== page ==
A classic myth retold, Persephone offers a spellbinding depiction of love, heartache and human trauma
Review by Alex Fice
Forget everything you thought you knew about the Greek myth of Persephone, the innocent young girl kidnapped by Hades whilst picking flowers: This latest retelling by Emma Hawkins and Carrie Penn offers a refreshing interpretation that’s rich in romance, comedy and heartache, and takes us on a sensitive exploration of human trauma in the land of the gods.
Described as a folk-rock musical, with an original score by composer Carrie Penn, Jazz Hands Productions‘ Persephone opens with a lullaby-like song that introduces us to our young protagonist – “a face pure and sweet, her dreams without care” – who is about to fall blindly in love with the “shadow man”, with devastating consequences for those living in Olympus. The lead narrator warns us, “There’s a winter night approaching; change is coming round. You can hear it on the wind; you can feel it in the ground.” The rhythmic pace and haunting melodies of this opening sequence confidently establish a folkloric atmosphere, casting a spell over the audience that keeps its hold for the duration of the performance.
The simple staging of this production is not to be underestimated. A highly mobile set – comprised of rectangular wooden frames on wheels that are moved in and out of position by the narrators (as if under the influence of madam fate herself) – helps to maintain pace and lends a fluidity to the action on stage; characters drift, as if in a dream, from one location to the next, winding through the arches in a dance-like manner. For scenes set at the home of Persephony (Sephy) and her mother Demeter, the arches are adorned with rose vines, flowers and washing lines to evoke a cosy domesticity – a symbol of peace and safety, and an allusion to Demeter’s dominion over the natural world. This contrasts effectively with the stark, corporate décor of Zeus and Hera’s abode, which will provide the setting for Persephone’s loss of innocence at the end of the first act.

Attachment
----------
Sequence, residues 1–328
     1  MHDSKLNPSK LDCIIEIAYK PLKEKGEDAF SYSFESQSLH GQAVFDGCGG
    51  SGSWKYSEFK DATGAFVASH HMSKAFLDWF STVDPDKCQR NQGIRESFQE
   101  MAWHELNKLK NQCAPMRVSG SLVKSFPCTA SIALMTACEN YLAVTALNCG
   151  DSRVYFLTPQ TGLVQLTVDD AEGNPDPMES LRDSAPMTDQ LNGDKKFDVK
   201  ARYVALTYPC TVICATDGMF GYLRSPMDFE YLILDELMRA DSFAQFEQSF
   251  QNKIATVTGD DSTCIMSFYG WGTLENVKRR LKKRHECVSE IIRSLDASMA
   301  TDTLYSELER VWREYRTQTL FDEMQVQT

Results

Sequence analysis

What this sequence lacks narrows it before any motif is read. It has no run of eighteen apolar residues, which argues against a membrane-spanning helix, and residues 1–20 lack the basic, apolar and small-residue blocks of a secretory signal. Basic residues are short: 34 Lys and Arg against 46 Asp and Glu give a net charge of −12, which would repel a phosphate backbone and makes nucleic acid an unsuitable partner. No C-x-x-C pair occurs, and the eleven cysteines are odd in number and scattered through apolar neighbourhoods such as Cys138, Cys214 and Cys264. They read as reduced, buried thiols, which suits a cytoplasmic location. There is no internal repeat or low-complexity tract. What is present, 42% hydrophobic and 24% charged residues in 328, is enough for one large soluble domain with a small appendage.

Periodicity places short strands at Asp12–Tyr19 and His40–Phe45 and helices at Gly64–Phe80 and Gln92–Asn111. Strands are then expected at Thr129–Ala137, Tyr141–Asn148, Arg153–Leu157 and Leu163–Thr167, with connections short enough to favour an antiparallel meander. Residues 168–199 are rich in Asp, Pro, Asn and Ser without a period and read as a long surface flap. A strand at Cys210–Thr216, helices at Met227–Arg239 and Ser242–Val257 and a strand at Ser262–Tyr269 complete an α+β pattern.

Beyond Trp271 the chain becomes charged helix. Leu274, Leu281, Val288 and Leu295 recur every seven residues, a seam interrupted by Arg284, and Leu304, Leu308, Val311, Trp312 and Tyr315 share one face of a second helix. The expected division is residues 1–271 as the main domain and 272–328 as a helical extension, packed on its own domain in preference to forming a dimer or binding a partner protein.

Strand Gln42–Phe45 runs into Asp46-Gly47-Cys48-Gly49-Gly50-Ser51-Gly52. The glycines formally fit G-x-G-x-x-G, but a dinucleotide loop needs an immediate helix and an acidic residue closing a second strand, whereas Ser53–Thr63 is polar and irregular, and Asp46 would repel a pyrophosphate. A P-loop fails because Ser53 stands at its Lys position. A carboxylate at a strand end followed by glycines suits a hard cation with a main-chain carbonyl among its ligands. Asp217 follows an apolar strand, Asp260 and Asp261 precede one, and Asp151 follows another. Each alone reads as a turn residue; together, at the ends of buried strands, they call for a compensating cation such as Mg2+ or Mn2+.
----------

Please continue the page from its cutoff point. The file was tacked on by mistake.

The interactions between Sephy (played superbly by Bethan Draycott) and Demeter (Emma Starbuck) accurately capture the strained nature of mother-daughter relationships as adolescence encroaches upon adulthood, with Demeter’s mother-knows-best patter triggering her daughter’s desire to rebel and run to the arms of the tattoo-clad Hades (Peter Todd), who she has been meeting in the woods without her mother knowing. These secret encounters with Hades are beautifully carried out with elements of dance carefully woven in to demonstrate the growing connection between the pair. Though it is Hades’ brother Zeus who is god of lightning, sparks fly between Hades and Persephone, with an electric chemistry that brings this production to life.
The authenticity of the pair’s budding romance is vital to the play’s re-interpretation of the original tale; far from snatching Persephone from her home, Hades is seen instead to encourage her to establish some independence from her over-protective mother and seek adventure for herself. The not-so-naïve Persephone is quick to establish a few ground rules before joining him in the underworld, making it clear to Hades that she must be free to return whenever to the little old town whenever she likes.